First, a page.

An action filed to determine that there is no legal relation as alleged by the defendant to exist is called negative declaratory action.  In accordance with the Enforcement and Bankruptcy Law Article 72, the debtor/ claimant may file a negative declaratory action before or after the enforcement proceeding. However, this is a lawsuit that the debtor can file without paying the debt yet. After the debt is paid, an action of replevin can be filed, instead of negative declaratory action.
Negative declaratory action; has a declaratory value among the types of cases, it is not an action of performance. The general definition of the declaratory case is made in the Article 106 of the Enforcement and Bankruptcy Law. Through the declaratory case, the court is requested to determine the existence or absence of a right or legal relation or whether a document is forged. The person filing a declaratory action must have a current interest worthy of legal protection in bringing this action, except in exceptional circumstances specified by law. Material facts singly cannot constitute the subject of the declaratory case.
Legal Interest and Grounds
The claimant must prove that he has a legal interest in filing this action. Legal interest is a litigation condition pursuant to Article 114/1-h of the Code of Civil Procedure. As stated in the Judgment Unification Decision dated 07.12.1964 and numbered 3/5, the case is the request to provide legal protection on a claim with a judgment to be given by the court. The existence of a right that will require legal protection is sought for the debtor to file a negative declaratory action.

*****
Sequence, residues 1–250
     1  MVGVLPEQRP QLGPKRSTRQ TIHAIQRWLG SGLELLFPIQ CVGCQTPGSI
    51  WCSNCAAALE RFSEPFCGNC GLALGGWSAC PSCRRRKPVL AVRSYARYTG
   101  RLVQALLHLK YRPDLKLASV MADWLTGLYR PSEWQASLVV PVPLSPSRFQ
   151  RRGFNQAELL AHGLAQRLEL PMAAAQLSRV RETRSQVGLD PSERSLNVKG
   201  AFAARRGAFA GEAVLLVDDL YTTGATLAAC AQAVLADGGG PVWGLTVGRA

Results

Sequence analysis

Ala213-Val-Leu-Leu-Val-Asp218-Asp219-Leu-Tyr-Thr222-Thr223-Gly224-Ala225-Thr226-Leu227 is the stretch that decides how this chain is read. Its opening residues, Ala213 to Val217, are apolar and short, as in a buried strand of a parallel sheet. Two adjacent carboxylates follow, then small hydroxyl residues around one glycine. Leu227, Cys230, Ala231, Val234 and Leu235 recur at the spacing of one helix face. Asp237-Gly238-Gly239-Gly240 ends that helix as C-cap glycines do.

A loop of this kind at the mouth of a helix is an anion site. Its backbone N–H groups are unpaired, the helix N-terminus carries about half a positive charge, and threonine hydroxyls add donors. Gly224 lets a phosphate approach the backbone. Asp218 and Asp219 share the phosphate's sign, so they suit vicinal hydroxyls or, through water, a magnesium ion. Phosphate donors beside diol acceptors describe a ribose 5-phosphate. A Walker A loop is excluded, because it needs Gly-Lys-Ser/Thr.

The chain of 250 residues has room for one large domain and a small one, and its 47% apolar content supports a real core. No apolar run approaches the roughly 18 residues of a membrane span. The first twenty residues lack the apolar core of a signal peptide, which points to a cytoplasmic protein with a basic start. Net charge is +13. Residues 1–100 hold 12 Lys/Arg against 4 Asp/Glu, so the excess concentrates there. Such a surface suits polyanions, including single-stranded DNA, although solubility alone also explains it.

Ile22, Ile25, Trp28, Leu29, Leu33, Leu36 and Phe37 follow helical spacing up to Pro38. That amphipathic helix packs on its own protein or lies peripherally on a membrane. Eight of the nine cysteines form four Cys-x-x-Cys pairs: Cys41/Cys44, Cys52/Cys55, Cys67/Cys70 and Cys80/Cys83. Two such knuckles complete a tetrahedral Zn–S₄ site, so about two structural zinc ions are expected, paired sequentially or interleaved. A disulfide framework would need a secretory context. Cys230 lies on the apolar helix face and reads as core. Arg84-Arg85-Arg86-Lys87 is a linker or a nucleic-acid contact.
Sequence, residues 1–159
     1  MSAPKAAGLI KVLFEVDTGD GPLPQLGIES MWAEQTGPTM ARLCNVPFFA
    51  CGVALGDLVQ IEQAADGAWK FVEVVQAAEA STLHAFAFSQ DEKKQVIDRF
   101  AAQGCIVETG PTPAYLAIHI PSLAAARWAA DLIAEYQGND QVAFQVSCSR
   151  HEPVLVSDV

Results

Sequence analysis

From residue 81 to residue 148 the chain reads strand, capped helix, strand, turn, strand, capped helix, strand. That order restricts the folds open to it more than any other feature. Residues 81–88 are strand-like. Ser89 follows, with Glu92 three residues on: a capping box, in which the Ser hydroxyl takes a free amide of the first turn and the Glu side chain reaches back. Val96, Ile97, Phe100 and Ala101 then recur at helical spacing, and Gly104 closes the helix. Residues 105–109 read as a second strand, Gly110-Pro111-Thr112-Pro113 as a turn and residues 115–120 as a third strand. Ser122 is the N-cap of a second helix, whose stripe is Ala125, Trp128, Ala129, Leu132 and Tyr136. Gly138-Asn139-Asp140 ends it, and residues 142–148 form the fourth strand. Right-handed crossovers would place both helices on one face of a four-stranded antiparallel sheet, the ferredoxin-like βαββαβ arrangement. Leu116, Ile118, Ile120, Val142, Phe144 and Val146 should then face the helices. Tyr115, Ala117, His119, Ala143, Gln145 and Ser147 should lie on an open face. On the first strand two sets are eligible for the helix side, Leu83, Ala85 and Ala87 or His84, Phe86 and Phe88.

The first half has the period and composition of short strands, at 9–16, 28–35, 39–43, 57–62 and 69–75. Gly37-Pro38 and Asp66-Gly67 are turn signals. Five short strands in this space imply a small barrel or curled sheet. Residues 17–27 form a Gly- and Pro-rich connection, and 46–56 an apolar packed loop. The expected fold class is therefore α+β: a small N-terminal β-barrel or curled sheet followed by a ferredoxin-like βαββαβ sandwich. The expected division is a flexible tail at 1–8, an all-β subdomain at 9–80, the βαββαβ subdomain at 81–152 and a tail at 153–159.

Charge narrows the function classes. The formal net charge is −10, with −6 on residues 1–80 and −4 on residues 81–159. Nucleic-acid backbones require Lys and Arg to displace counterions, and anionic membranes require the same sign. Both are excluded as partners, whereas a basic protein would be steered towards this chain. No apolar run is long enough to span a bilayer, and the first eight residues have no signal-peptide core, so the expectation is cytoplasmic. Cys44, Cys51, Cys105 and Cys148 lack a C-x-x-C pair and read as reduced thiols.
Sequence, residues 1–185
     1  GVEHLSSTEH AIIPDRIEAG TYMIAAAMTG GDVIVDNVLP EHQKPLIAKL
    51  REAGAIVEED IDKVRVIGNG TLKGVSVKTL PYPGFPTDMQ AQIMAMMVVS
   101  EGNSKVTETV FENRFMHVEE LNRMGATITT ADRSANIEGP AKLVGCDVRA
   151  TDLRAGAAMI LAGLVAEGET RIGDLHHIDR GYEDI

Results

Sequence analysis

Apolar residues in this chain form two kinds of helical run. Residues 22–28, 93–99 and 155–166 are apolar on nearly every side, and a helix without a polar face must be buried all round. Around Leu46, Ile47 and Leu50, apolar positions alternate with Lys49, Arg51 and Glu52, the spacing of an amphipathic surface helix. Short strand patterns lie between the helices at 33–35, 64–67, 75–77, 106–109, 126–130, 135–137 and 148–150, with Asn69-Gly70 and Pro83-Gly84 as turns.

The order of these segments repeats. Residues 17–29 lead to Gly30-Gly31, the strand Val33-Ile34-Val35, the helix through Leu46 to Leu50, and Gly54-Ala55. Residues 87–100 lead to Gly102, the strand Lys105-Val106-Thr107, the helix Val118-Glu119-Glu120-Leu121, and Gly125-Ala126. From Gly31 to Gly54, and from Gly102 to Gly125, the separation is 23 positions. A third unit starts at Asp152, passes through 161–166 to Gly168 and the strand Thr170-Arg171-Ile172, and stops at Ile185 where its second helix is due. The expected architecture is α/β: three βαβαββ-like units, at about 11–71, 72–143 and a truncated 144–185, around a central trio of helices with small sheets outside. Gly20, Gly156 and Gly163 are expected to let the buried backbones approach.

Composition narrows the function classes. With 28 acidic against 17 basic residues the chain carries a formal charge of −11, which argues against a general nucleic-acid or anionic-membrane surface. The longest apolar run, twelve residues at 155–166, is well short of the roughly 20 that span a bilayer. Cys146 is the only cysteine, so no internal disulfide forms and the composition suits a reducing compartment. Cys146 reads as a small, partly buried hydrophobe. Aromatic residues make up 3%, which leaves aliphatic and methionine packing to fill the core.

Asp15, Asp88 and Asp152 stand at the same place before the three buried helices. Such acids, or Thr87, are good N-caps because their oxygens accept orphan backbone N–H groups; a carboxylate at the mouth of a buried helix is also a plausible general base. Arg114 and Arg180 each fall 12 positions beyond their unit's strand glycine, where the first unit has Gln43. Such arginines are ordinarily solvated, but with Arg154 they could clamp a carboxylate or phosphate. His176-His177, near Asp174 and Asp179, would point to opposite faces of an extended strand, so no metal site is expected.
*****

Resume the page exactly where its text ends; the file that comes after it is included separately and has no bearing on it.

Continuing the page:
The debtor can claim that he does not have debt for many reasons. These reasons are not related to Execution and Bankruptcy Law, but to substantive law. For instance, the debtor; The debtor may claim that the debt has been paid, declare that the debt document or contract is invalid due to mistake, deception or intimidation, or the debtor may claim that he is also a creditor and therefore exchanges his debt with his debt.
We have stated above that the negative declaratory action should be filed without paying the debt. For this reason, the lawsuit can be filed within the time period that will pass until the debt is paid at the latest. There is no specific period stipulated in the Execution and Bankruptcy Law. However, considering that there are exceptions to the rules in law and in order not to cause loss of rights, it is essential to know what these exceptions are.
Claims of the claimant in negative declaratory cases are based on substantive law fields such as Law of Obligations, Commercial Law or Negotiable Documents Law. As a matter of fact, if the claim of the debtor in the case of negative declaratory is limited to a certain period in substantive law, it is obligatory to file a negative declaratory action within that period. For instance; The debtor, who claims to be in debt by mistake, fraud or threat, must file a negative declaratory action within one year from the date the mistake or fraud was learned and the threat disappeared. This issue, which is regulated in Article 39 of the Code of Obligations, is investigated ex officio by the court, since it is the period of disqualification.
The Judgment Procedure
Negative declaratory cases are subject to the general provisions regulated in the Code of Civil Procedure in terms of procedure and substance. In the cases filed before the execution proceeding, the debtor is directed to the creditor, and in the negative declaratory cases opened after the execution proceeding, the debtor is directed to the creditor of the proceeding.